For many of us Mars represents hope. From scientific discoveries (e.g. living organisms against all the odds) to the promise of colonization, the Red Planet may be key to our survival. Certainly as life on Earth grows steadily more precarious, our second closest neighbor seems to present a viable alternative—even if some think that’s crazy.
10. Scientists observed a Martian “civilization” just last century
The astronomer William Herschel made some important observations of Mars, including its rotation period and the seasonal variation of its ice caps. But, like many of his era, he also worked under the assumption that the planet was teeming with life. He saw the dark areas as oceans and observed vegetation on the supposed landmasses. He even suggested that intelligent Martians “probably enjoyed a situation similar to our own.”
That was in the late 1700s, but it was an idea that persisted for centuries. Hence when the Italian astronomer Giovanni Schiaparelli’s description of canali (channels) on the surface was translated into English as “canals,” people imagined waterways constructed by a human-like society on Mars. And whatever he might have thought of the phenomena himself, his own maps only served to support this assumption—resembling as they did a sprawling port city sectioned into districts by canals. Others’ maps suggested even more of a man-made Martian Venice.
Even in the 20th century, the American astronomer Percival Lowell praised the Martians’ ingenuity. According to him, the canals (which he built a state-of-the-art observatory to view) were likely constructed to transport water from the poles to the plains—perhaps in a bid to save life on Mars from extinction. They were evidence, he wrote, of “a mind of no mean order … a mind certainly of considerably more comprehensiveness than that which presides over … our own public works.”
By Lowell’s time, most scientists saw these grooves in the landscape as a natural geological phenomenon. But the idea of an advanced Martian civilization persisted in the popular imagination. The science fiction author Edgar Rice Burroughs was among those to encourage this belief, portraying a developed (albeit dying) world of majestic cities, warring humanoid races, and a fantastic bestiary of eight-legged horses, ten-legged dogs, and giant, four-armed white apes so ferocious they were among the leading causes of death on the planet.
9. Valles Marineris is the grandest canyon in the Solar System
Valles Marineris cuts a deep scar across 20% of the circumference of Mars, extending an incredible 2,500 miles around the planet. It begins in the maze-like valleys of the Noctis Labyrinthus (‘labyrinth of the night’) in the west and abates in the smooth Chryse Planitia (‘golden plain’) to the northeast.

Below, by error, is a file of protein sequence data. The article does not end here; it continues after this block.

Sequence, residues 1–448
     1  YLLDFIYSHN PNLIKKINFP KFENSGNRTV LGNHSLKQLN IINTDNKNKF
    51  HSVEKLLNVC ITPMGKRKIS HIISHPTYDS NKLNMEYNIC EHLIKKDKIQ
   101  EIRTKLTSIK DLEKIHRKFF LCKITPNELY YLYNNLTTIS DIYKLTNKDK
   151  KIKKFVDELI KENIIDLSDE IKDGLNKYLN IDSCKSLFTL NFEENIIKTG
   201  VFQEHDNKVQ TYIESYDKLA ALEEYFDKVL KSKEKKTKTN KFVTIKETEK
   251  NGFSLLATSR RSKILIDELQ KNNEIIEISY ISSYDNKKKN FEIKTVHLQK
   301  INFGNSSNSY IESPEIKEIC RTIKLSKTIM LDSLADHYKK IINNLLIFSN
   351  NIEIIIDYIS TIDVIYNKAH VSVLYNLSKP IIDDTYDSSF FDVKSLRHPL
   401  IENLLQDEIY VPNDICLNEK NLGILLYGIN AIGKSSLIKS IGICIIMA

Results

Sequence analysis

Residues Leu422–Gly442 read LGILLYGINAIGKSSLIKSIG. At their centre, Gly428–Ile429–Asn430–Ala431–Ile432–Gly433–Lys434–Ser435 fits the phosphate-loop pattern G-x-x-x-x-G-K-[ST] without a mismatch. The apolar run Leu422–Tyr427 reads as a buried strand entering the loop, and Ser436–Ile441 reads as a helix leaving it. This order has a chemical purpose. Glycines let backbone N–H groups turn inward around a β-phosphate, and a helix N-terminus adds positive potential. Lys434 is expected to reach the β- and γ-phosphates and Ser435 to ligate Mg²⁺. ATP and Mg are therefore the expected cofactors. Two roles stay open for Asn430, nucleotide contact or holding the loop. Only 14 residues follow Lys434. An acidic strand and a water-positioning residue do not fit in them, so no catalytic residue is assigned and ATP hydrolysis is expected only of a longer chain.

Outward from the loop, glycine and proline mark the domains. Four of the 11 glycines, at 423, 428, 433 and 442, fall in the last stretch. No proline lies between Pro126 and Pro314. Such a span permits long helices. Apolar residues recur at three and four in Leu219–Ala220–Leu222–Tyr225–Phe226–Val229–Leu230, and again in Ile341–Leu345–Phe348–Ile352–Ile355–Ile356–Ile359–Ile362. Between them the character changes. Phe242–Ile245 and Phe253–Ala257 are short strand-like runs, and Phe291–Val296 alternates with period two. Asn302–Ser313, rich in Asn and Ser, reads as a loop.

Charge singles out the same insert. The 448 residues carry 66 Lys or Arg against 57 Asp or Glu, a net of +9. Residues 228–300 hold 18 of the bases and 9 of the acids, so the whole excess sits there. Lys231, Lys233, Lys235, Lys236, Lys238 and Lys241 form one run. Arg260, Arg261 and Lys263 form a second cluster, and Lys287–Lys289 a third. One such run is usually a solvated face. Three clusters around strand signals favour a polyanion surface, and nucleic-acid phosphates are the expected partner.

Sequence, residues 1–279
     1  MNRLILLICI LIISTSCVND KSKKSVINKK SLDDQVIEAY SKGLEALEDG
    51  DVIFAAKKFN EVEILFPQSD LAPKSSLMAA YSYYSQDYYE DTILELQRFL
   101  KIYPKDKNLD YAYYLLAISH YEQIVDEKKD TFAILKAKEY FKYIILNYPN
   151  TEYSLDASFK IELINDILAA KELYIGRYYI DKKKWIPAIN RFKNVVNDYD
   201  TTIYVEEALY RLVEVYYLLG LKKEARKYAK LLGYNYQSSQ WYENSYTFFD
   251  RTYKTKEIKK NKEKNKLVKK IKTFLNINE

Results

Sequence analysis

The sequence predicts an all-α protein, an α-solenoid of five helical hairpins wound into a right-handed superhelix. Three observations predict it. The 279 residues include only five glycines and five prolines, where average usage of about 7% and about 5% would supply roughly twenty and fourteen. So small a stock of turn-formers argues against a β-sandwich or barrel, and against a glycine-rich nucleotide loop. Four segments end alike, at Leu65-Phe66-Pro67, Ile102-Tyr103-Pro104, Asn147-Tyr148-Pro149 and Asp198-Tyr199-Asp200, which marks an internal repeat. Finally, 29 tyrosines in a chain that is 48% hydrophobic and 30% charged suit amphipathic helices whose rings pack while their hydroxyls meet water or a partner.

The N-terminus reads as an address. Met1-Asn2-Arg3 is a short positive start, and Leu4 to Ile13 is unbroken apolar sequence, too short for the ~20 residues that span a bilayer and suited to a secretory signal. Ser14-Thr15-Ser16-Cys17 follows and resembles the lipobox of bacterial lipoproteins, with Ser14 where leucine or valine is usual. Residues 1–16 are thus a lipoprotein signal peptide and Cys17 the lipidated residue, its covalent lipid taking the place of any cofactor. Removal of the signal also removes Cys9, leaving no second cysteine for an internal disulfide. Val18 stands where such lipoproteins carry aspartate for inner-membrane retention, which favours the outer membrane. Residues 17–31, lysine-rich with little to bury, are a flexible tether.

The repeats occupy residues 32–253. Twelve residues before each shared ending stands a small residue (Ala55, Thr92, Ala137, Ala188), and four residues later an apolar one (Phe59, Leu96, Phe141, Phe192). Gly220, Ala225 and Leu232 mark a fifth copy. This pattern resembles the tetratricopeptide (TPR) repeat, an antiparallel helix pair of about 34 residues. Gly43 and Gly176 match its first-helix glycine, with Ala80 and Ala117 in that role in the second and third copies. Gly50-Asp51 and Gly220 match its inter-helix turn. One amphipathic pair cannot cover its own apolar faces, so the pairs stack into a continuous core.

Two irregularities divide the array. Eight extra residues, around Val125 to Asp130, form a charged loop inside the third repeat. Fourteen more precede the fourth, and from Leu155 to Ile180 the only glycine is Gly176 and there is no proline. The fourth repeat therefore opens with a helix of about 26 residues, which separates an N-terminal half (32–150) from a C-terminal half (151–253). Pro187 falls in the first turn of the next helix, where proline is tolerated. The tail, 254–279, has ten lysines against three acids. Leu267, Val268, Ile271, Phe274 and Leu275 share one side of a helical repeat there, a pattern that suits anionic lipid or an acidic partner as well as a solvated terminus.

373 miles across in places with a maximum depth of roughly 5.5 miles (or 30,000 feet), it’s decidedly grander than the Grand Canyon on Earth. That trench extends a mere 497 miles in length, measures up to 18.6 miles across, and is no more than 6,000 feet deep.
The Valles Marineris is thought to have started as a crack in the surface of Mars, dating back to the cooling of the planet as it formed. This assumption is based on evidence of geological processes such as lava flows, collapse pits from rushing water and floods, and glacier carving.
8. Global dust storms encircle the planet
Even regular dust storms on Mars are intense, lasting for weeks at a time and covering continent-sized areas. But once every three Mars years (5.5 Earth years), a mammoth, months-long dust storm encircles the entirety of the globe.
As impressive a sight as that is, Martian dust storms are nowhere near as powerful as storms can get on Earth. In fact, since winds don’t exceed 60 miles per hour, they’re not even strong enough to qualify as Category 1 hurricanes (the weakest, entry-level category). There’s also less pressure on Mars anyway, so it would take considerably more force to create the same effect as on Earth. Simply put, Matt Damon probably wouldn’t have been stranded by the storm at the beginning of The Martian; indeed, the astronauts wouldn’t have left in the first place.
You can actually listen to some of the more average Martian winds here. Recorded by NASA’s InSight lander in Elysium Planitia on Dec 1, 2018, the pressure sensor recordings were so weak they had to be sped up by a factor of 100 just to be audible.
Martian winds aren’t completely harmless, though. Dust particles are electrostatic, so they stick to surfaces upon contact. This is why Mars rovers look so filthy. Electrostatic dust is also problematic for mechanical moving parts, as well as solar panels. The daily sweeping of solar panels in The Martian to ensure their optimal efficiency was therefore something the movie got right.